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Narrative Distance: Editor's Notes #159
February 15, 2014

Good prose is like a window-pane.
--George Orwell
Good fiction and poetry are like telescopes and magnifying glasses.
--Audrey Owen

In this issue:

1. Narrative distance
2. Tickled my funnybone
3. Interesting Web site

1. Narrative distance
Narrative or psychic distance takes the concept of Point of View (POV) deeper. (For some background on POV, see the back issues of July-November 2012 at

John Gardner writes about narrative distance in The Art of Fiction, but it applies to all writing, fiction and nonfiction alike. Briefly, narrative distance describes the distance the narrator maintains from the story. In turn, this determines the distance the reader is from the characters in the story.

The distance is sometimes compared to camera shots in a movie and moves from long shots through close-ups and beyond the camera to the inner life of the character.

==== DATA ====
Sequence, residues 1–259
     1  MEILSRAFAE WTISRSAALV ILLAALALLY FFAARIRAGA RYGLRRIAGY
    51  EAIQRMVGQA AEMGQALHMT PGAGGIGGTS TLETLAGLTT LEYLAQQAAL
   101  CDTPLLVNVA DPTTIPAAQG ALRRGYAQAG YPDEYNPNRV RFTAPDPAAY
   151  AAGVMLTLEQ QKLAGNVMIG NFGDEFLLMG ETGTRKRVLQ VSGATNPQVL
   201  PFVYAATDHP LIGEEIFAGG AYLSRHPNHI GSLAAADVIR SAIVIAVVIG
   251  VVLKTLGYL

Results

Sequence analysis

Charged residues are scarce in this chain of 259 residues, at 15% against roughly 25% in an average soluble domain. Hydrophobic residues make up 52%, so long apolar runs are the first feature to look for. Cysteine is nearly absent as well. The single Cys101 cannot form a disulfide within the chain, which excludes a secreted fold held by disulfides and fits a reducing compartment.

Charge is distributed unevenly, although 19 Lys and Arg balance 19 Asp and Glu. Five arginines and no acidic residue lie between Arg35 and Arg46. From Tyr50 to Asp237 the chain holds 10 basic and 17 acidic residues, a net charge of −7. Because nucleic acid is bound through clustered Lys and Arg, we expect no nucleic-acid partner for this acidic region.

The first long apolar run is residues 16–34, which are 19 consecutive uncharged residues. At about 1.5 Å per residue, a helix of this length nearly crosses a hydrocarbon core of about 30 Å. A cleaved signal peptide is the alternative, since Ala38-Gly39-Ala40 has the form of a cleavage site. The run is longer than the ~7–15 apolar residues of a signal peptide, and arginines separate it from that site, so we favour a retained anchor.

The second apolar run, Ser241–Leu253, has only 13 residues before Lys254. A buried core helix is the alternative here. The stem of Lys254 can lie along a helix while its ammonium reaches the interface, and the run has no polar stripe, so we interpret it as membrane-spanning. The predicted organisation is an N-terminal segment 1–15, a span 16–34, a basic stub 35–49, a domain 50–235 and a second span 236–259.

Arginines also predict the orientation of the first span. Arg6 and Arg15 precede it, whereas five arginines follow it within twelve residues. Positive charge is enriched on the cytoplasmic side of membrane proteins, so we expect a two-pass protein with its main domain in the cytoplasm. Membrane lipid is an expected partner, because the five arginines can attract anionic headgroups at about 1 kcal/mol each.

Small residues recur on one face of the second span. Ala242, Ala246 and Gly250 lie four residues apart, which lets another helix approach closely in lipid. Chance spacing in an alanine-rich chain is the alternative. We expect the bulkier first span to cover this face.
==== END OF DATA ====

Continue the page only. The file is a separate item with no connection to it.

Gardner and others list stages from remote to intimate, but the actual stages are not as important as the understanding that shifting the narrative distance is one way to control the reader's experience.

Consider the different distances a reader experiences with each of the following sentences.
1. On the tenth morning after setting out again, a deckhand went about his watch.
2. Thomas noted the bright sunshine.
3. Thomas had come to loathe the tropical sun.
4. He loathed the beating of the relentless heavens.
5. The infernal celestial furnace blasted his head, his neck, the tops of his feet, the very soul of him, with its devilish branding iron.

Being aware of and controlling narrative distance gives you another aspect of your writing to manipulate to create the effect you want.


2.Tickled my funnybone
Those who jump off a Paris bridge are in Seine.


3. Interesting Web site
For more detail and examples, read the blog entry below. Note that you will have to use the archive to link to Part 2, which you will also want to read.

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